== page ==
Interannual climate variability patterns associated with the El Niño-Southern Oscillation phenomenon result in climate and environmental anomaly conditions in specific regions worldwide that directly favor outbreaks and/or amplification of variety of diseases of public health concern including chikungunya, hantavirus, Rift Valley fever, cholera, plague, and Zika. We analyzed patterns of some disease outbreaks during the strong 2015–2016 El Niño event in relation to climate anomalies derived from satellite measurements. Disease outbreaks in multiple El Niño-connected regions worldwide (including Southeast Asia, Tanzania, western US, and Brazil) followed shifts in rainfall, temperature, and vegetation in which both drought and flooding occurred in excess (14–81% precipitation departures from normal). These shifts favored ecological conditions appropriate for pathogens and their vectors to emerge and propagate clusters of diseases activity in these regions. Our analysis indicates that intensity of disease activity in some ENSO-teleconnected regions were approximately 2.5–28% higher during years with El Niño events than those without. Plague in Colorado and New Mexico as well as cholera in Tanzania were significantly associated with above normal rainfall (p < 0.05); while dengue in Brazil and southeast Asia were significantly associated with above normal land surface temperature (p < 0.05). Routine and ongoing global satellite monitoring of key climate variable anomalies calibrated to specific regions could identify regions at risk for emergence and propagation of disease vectors. Such information can provide sufficient lead-time for outbreak prevention and potentially reduce the burden and spread of ecologically coupled diseases.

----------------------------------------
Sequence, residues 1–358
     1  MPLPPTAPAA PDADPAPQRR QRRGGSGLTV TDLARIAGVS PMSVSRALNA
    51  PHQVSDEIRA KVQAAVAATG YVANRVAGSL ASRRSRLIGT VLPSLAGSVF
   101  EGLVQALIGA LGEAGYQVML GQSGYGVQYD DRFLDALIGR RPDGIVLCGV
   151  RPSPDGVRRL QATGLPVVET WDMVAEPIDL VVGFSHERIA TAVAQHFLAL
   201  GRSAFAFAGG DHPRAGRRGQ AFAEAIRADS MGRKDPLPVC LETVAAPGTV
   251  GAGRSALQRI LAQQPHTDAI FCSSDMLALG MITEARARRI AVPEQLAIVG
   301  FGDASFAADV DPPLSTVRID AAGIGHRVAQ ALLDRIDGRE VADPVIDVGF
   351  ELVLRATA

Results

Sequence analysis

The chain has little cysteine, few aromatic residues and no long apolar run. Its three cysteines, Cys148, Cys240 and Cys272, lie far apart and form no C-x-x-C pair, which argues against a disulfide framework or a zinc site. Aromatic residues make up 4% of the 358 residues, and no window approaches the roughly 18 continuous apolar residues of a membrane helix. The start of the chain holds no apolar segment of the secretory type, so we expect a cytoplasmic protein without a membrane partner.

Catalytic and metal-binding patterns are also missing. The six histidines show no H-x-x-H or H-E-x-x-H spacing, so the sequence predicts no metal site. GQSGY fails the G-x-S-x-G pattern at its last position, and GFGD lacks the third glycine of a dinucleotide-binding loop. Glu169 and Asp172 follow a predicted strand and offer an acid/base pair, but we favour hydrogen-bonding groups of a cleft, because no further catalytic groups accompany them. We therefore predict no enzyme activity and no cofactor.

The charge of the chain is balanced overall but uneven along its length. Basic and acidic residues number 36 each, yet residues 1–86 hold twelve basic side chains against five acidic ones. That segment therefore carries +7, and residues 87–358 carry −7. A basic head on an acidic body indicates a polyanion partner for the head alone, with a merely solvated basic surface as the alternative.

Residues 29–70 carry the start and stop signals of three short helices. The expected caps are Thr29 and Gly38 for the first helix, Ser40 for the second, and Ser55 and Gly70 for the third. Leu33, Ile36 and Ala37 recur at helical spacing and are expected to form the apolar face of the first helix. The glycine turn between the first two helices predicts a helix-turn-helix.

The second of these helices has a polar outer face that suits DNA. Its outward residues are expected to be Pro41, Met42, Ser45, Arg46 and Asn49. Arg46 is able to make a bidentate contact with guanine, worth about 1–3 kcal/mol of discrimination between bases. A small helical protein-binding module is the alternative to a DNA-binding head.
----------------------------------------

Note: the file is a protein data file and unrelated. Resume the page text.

Keywords: ENSO; Extreme weather; Chikungunya fever; Plague; Cholera; Global Health.


#Niche #adaptation limits #bacteriophage #predation of #Vibrio cholerae in a nutrient-poor aquatic #environment (Proc Natl Acad Sci USA, abstract)

[Source: Proceedings of the National Academy of Sciences of the United States of America, full page: (LINK). Abstract, edited.]

Niche adaptation limits bacteriophage predation of Vibrio cholerae in a nutrient-poor aquatic environment

Cecilia A. Silva-Valenzuela and Andrew Camilli

PNAS published ahead of print January 11, 2019 / DOI:

Edited by Lucia B. Rothman-Denes, The University of Chicago, Chicago, IL, and approved December 11, 2018 (received for review June 13, 2018)



Virulent phages can reduce populations of bacteria and help shape bacterial evolution. Here, we used three virulent phages to understand their equilibrium with V. cholerae in nutrient-limiting aquatic microcosms. It has been proposed that phages quench cholera outbreaks, but no direct evidence of phage predation in aquatic environments had been established. Here, we show that different phages possess varied abilities to infect in certain niches or stages of the host bacterial life cycle. Unveiling the phage/bacterial interactions in their natural setting is important to the understanding of cholera outbreaks and could be ultimately used to help develop a method for outbreak prediction and/or control.